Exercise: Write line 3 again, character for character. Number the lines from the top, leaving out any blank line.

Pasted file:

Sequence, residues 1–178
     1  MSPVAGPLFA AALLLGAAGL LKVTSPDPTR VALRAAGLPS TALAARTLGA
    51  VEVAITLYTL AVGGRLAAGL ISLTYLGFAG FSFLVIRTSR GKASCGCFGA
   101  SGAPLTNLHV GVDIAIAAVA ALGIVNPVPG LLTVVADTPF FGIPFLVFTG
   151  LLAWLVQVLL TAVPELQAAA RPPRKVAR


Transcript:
    51  VEVAITLYTL AVGGRLAAGL ISLTYLGFAG FSFLVIRTSR GKASCGCFGA